Young Irish motorists are being offered 30% off their high insurance premiums if they accept an 11pm to 6am driving curfew.

The scheme has been introduced by the Hibernian Group, the largest insurer in the Irish Republic, at a time when the cost of cover for drivers under 25 is higher, in some cases, than the cost of their cars.

Insurers say this reflects the high accident rate involving young motorists, but one 22-year-old is taking action against his insurer under Irish equality legislation, alleging discrimination on grounds of age.

Despite a clean driving record, he is being asked to pay a premium of more than IR£4,000 (£3,125).

Under the new scheme, which is being operated in association with the UK-based Institute of Advanced Motorists, drivers who successfully complete a free one-day intensive training course, involving driving hazards and behaviour, will earn a 20% cut in their premiums. They will qualify for an additional reduction of 10% by staying off the roads from 11pm to 6am, described by Hibernian's managing director, Gary Owens, as “the killing hours”.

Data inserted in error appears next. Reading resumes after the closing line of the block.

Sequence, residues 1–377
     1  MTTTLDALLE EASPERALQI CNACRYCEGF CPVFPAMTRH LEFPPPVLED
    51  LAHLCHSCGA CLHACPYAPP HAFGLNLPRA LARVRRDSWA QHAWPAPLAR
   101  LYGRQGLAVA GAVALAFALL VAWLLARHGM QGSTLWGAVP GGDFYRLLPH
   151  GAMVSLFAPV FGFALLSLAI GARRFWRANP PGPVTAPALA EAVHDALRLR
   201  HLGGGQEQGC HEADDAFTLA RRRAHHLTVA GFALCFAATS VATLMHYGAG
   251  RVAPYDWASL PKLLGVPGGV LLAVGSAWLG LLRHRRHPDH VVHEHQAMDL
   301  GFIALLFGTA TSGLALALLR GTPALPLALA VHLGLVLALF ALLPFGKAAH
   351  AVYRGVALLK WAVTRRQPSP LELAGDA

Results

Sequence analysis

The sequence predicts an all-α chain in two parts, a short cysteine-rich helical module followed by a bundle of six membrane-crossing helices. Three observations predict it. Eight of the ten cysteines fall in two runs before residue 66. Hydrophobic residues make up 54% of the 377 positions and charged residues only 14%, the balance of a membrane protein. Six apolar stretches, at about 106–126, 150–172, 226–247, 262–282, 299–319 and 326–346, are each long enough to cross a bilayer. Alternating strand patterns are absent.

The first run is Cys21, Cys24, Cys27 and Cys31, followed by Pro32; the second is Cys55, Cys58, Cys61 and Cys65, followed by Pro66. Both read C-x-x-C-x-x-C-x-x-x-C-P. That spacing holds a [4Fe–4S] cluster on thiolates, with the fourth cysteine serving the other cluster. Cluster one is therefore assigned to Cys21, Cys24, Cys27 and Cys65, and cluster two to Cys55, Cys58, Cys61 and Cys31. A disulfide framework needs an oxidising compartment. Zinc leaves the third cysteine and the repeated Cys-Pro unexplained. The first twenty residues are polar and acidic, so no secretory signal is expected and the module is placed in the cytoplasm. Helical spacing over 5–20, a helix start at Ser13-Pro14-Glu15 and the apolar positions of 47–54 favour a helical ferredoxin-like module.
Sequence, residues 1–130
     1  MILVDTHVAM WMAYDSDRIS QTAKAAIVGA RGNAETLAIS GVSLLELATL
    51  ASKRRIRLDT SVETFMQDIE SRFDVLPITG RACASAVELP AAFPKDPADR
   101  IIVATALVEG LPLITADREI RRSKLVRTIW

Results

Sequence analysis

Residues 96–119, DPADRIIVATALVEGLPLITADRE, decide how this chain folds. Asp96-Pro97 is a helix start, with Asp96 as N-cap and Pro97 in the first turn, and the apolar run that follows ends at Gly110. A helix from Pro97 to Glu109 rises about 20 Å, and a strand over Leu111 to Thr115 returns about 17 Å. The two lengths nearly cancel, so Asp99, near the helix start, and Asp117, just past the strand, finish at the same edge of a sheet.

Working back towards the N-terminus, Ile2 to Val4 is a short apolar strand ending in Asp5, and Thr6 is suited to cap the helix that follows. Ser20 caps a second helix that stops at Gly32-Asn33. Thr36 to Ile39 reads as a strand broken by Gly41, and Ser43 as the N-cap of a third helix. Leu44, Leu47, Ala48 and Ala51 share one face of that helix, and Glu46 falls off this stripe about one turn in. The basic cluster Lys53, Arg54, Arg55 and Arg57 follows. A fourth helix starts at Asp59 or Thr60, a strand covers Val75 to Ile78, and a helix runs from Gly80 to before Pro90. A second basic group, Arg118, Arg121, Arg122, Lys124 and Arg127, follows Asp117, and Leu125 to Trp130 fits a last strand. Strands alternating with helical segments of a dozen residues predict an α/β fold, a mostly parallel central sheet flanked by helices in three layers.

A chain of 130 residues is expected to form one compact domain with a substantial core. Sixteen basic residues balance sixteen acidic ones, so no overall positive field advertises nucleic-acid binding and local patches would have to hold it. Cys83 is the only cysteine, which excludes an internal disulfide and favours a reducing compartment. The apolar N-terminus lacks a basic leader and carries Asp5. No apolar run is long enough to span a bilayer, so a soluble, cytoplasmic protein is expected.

Those who break the curfew and are involved in accidents will be expelled from the scheme and face full premiums on renewal.

One thousand drivers under 25 will be trained between October and December, with a further 4,000 from January. Initially, the scheme will focus on Hibernian clients of three years' standing, their children or named drivers on a company policy.

According to the company, the savings can be significant. A male driver aged 23 and living in Dublin, who took the full 30% offer – the training course and curfew – would have his current premium of IR£2,673 (£2,100) cut to IR£1,871 (£1,467). A 21 year-old female driver, also in Dublin, would pay IR£1,311 (£1,028) instead of IR£1,873 (£1,468).

The scheme has been welcomed by Irish Environment Minister Noel Dempsey and the National Safety Council, who said it would help reduce the country's high road toll.